On 6 March 2024, Resilience First, in partnership with Control Risks, was pleased to convene a private roundtable discussion with the Rt Hon Tobias Ellwood MP on Navigating our Uncertain World and Building Resilience.

This conversation followed a previous gathering where we explored bridging the gap between policy makers and business leaders, and innovation and regulation, to accelerate resilience best practice. Find a copy of the key take-aways from that discussion here.

The present landscape

The world is marred with conflicts that are shifting our landscape rapidly; nations are becoming more fragmented and polarised, challenging globalisation and inhibiting policy makers’ insights and knowledge to keep pace with the level of change. Our CNI is hugely exposed and its resilience needs addressing; global interests are forcing the UK to get involved in areas of conflict around the world, including securing our supply chains in the Red Sea; cyberattacks are on the increase and AI is facilitating the spread of election misinformation.

What next?

Resilience needs to be driven through visionary leadership from top-down but also encouraged from bottom-up across organisations.

The role of a Chief Resilience Officer was proposed as a governance requirement at Board level to ensure resilience is at the heart of governance – looking at financial and non-financial risks (climate change, cyber, reputation, capacity, people and so forth). Resilience planning and mindsets can be strengthened through more exercises which need engagement from Boards as well as an organisational cultural shift. Insurance can give a false sense of security as it only protects the finances of the business. Securing a corporate budget for organisational resilience can be challenging as it is seen as too broad.

The cost of reaction outweighs the cost of preparedness. Businesses need to advocate more for politicians to focus their attention on the resilience of not only our country but also the fast-advancing digital sphere which goes beyond geographical areas, creating virtual grey zones to contend with.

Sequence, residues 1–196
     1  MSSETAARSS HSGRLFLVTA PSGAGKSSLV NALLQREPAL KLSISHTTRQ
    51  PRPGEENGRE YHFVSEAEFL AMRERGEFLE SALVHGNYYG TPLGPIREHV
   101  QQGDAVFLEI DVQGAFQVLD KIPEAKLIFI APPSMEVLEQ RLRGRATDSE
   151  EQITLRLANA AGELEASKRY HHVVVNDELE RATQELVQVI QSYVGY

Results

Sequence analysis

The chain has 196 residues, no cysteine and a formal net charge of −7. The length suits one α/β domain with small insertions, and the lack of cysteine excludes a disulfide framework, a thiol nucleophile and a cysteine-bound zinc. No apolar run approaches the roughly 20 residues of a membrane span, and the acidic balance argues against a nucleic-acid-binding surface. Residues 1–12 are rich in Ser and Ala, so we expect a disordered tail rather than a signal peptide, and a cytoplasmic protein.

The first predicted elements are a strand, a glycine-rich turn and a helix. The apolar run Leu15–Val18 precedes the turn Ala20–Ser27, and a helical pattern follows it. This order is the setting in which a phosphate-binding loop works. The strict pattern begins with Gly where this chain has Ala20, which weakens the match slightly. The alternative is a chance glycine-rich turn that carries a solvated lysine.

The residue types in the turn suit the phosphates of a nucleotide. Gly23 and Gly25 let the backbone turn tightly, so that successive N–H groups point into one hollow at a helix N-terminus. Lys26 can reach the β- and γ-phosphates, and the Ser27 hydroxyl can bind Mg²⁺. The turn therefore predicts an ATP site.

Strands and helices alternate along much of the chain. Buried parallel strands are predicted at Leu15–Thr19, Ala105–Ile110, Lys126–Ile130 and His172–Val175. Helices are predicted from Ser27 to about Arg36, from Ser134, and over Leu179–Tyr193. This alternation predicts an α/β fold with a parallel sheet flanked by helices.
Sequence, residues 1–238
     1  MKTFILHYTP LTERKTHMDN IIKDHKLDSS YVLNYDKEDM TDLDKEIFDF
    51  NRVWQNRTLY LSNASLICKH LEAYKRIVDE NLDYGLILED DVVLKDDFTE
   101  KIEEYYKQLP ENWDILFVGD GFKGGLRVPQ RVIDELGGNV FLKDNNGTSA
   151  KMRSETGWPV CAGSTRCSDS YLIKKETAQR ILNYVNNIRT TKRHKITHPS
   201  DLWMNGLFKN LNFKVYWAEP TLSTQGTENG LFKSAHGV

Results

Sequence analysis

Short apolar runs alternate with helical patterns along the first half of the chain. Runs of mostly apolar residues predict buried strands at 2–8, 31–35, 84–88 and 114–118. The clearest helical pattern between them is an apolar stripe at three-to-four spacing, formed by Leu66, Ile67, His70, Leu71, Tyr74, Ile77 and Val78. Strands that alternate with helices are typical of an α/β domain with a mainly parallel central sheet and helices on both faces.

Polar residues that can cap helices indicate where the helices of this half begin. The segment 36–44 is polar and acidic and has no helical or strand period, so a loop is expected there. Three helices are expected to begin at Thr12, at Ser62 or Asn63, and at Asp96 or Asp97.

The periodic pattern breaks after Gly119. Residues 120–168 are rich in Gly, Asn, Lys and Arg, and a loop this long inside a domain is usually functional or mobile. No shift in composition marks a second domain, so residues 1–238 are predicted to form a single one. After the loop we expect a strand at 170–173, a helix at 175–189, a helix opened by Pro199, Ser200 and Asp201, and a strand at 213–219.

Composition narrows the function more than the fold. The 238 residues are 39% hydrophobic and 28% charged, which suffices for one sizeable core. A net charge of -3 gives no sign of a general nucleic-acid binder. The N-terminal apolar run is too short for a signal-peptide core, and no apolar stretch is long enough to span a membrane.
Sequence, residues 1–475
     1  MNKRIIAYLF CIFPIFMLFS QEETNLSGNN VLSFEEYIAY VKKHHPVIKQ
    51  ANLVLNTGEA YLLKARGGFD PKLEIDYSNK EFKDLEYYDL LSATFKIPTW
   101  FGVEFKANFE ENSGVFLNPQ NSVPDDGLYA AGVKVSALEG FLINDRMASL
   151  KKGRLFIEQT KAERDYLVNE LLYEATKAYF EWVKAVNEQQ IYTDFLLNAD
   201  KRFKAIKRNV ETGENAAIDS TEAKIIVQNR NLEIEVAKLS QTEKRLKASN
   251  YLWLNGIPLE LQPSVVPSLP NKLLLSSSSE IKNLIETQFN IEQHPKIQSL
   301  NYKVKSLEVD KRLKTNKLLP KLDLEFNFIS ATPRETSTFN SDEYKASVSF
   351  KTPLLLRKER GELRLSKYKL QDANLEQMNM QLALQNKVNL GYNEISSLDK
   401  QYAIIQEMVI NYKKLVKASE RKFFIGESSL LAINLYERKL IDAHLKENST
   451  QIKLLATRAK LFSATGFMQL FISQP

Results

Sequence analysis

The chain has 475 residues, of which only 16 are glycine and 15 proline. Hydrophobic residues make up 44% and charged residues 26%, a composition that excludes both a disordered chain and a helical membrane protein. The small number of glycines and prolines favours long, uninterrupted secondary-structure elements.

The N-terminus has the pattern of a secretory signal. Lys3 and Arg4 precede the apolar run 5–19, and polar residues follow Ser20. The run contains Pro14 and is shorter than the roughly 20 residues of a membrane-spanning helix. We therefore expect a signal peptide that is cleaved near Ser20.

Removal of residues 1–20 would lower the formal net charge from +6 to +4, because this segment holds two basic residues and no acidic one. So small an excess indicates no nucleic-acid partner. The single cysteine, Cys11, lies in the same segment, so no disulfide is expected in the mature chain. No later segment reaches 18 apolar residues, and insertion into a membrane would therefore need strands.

Legislation around IP needs to be passed urgently to address the huge increase in infringements that AI is enabling. The Defence Budget needs to be increased to bolster our ability to tackle these threats. Currently there is no direct route for government to address the issue of resilience across departments; this needs to be reviewed.

There is a sense that regulators are reluctant to regulate resilience more broadly, perhaps due to a lack of understanding or commonly accepted definition of resilience. Regulators tend to focus more on economic levers to protect consumers. A clearer standardisation on what resilience means for organisations is necessary to drive more precise and consistent action. The comparison of the effects that post-2008 financial regulations have had on resilience within the banking sector was a recurrent theme.

Resilience creates reliance which should also be accelerated across supply chains and small business which make up the bulk of economies. SMEs have limited bandwidth or resources to invest in resilience and more needs to be done to guide them at government level as well as business or buyer level.

Resilience needs a cross-party approach. Government needs to have a greater conversation with the nation to lead a whole-of-society approach to advancing resilience. Business leaders should be encouraged to enter politics to ensure a greater thrust of expert knowledge in parliament. Interestingly, a recent PWC poll showed that the public have high expectations of the resilience of government and businesses!

Further questions need tackling to drive resilience, such as who owns resilience? How do we break down silos? How do we get leaders (government and CEOs) to prioritise resilience?